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As Long as We Remember...

October 8, 2012

Solving These Problems Won’t Be Easy

Jill King

Diagnostics is a key element, to creating solutions. Unfortunately, a lot of symptom solvers have entered the arena claiming we should "hope" or "change." Many items infringe on our rights as citizens.


Mitt Romney, a repeal and replace guy, changed his course during the debate. Déjà vu of Newt Gingrich started flowing. Are his intentions to downsize extra-constitutional agencies and giving the states back their 10th Amendment powers realistic in solving the current fiscal crisis?


Many know that the 10th Amendment states that "the powers not granted to the federal government, nor prohibited to the states by the Constitution are reserved to the States or the people."


Injecting this into the debate may have broadened his audience to impact those who are more libertarian-minded; execution, however, is a big deal to many of us including holding to your word, which the current president and many before him refused – or were unable – to accomplish.


Two challengers were on stage. Former Massachusetts Governor Romney was up for the task; the sitting president should have registered in a few debate classes, instead of scheduling tee time.


Blame Bush, er, eh, ummm... It is no wonder the sitting president won't release his college transcripts, and no one can find any subject matter from his editing days that he possibly penned.


Rejoicing over Mitt Romney, who took out "Big Bird," was only a side show to many libertarians and those serious about the limited powers that Governor Romney touted to comprehension.


In order to dismantle government, there are many phases that would have to take place, as it is not a cut and dry item. Careful planning and obvious fact checking will be needed to restore the proper balance provided by the Constitution.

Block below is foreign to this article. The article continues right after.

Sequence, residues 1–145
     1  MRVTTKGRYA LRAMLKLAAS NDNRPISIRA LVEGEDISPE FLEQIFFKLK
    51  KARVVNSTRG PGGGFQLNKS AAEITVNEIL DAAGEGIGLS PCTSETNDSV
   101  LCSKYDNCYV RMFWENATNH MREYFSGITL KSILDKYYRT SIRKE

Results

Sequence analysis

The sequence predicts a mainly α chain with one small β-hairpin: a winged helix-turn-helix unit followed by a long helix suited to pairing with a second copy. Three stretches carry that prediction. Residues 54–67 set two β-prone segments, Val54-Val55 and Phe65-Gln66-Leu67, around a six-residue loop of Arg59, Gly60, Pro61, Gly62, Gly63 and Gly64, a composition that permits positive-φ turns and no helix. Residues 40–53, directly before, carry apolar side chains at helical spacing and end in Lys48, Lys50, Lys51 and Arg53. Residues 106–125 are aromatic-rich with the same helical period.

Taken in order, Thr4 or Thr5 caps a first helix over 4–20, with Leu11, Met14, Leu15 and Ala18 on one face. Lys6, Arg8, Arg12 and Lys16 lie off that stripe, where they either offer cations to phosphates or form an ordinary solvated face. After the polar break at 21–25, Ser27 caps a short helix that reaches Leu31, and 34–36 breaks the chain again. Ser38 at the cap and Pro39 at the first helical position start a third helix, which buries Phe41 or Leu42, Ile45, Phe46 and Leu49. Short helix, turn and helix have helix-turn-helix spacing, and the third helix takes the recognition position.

Elimination without careful considerations may cause more issues.


The buzz words typically spin into something different, but intent is an element needed to win the prize of a long sentence or higher monetary award in most courts of peers.


The fact is there is possibly no safe way to downsize – at this point – without chaos. The occupiers and underground anti-government groups are laying in wait for this kind of dismantling.


The first phase, used in the Gingrich plan of Lean Six Sigma is to identify a problem that would need streamlining and/or identify a duplication of processing.


With this, every item in the process will need to be viewed from back to front, potentially hosting a number of separate issues. Every internal and external customer will need to be identified.


Hearing that we need to shut down the Department of Education sounds like an easy task, but for states that have adopted funding and are camera shy on challenging the nullification process will be faced with severe issues.


The Department of Education, along with other agencies, has funded states to create programs, such as the replacement of No Child Left Behind Act. The newly glamorized project known as Race to the Top employs hundreds in each state through federal grants.